The WHS library has undergone a tremendous change since Ms. Smith, Mrs. Vig, and Mrs. Bainbridge began transforming the library from a dreary, cold place to the vital, dynamic heart of our school.  Students literally rush to check out the latest books that have just arrived.  Plus, students can write down books they would like the library to carry.  Ms. Smith visits classes during reading periods to preview books for students.  She even brings them to the room so students can check them out right there.  If she sees a student with an empty hand during reading period, I guarantee you she will find a book that interests that student.  Our library is also a place where our struggling readers feel welcome.  There are books here for everyone from a beginning English reader to an AP or National Merit Scholar.  I can't think of another place in our school where there is literally something for everyone.

Aside from the academic needs met at our library, it serves perhaps an even bigger purpose.  This library is a place where every student belongs and where every student feels like he or she belongs.  There is not another place in this building where that holds true.  Only people who play an instrument belong on the marching field.  Only football players wear those huge championship rings.  Only the girls’ basketball players wear those cool warm-up suits on game day.  All those activities are wonderful, but only a handful of our students can participate in or even appreciate them.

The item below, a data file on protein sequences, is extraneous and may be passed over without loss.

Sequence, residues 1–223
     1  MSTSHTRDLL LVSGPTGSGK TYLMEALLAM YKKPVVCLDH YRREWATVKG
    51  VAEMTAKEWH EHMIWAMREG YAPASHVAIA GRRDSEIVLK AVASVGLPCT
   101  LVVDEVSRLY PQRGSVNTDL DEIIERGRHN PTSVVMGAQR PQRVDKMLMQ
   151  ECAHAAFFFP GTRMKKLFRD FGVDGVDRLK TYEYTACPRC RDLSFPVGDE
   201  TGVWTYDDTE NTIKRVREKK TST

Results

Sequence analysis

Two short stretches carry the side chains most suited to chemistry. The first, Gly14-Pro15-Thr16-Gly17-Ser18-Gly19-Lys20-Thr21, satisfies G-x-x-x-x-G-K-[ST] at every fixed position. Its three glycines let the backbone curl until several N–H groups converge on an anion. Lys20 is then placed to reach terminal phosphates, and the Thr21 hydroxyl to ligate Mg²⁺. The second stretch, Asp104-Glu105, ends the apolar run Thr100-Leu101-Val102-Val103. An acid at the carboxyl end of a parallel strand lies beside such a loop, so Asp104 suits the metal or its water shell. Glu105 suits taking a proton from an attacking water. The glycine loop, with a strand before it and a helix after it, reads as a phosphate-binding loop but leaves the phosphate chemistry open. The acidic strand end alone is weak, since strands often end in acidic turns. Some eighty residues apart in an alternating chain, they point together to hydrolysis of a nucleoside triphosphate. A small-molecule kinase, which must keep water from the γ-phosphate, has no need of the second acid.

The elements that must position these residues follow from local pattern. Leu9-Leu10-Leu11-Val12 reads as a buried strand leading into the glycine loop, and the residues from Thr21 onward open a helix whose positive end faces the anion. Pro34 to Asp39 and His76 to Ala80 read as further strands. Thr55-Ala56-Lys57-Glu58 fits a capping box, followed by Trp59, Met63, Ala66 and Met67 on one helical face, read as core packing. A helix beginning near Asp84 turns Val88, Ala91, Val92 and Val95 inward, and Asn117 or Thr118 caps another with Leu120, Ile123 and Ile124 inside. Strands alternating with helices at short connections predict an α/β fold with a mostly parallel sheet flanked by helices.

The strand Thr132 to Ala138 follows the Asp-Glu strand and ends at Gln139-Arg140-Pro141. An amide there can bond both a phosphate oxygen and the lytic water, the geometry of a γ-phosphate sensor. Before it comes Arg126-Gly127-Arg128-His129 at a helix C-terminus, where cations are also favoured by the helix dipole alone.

In the library, we are all equal.  We all have homework.  We all have research to do.  We all need to check out books.  This is the one place in the building where we all belong.  In today's world of peer pressure, bullying, and the struggle to fit in, young people need a place to feel welcomed and safe.  Our library is that place.  Somehow, Kerri and her staff have created a place where academics intersect with personal relationships.  Each of us is free to be who we are.  No one is labeled, no test scores are compared, and no one receives preferential treatment.

I invite you to visit our library after school today.  Here you will see the outgoing theater-types congregate to discuss their latest production while flipping through the newest magazines.  You will see students poring over the latest anime and manga series. You will see quiet, "bookish" students sitting next to their so-called "popular" classmates working together on a class project.  You will see the stereotypical "jock" quietly looking over the latest non-fiction releases to find one that interests him.  You will see all of these things and you will really see our library.  You will see Washington.”

 

Student murals, planned for the Vision Tour, decorated the ends of the bookshelves at Washington HS in Sioux Falls, South Dakota.  Yes we can! is particularly descriptive of the high energy school librarian, Kerri Smith.

South Dakota

April 26, 2011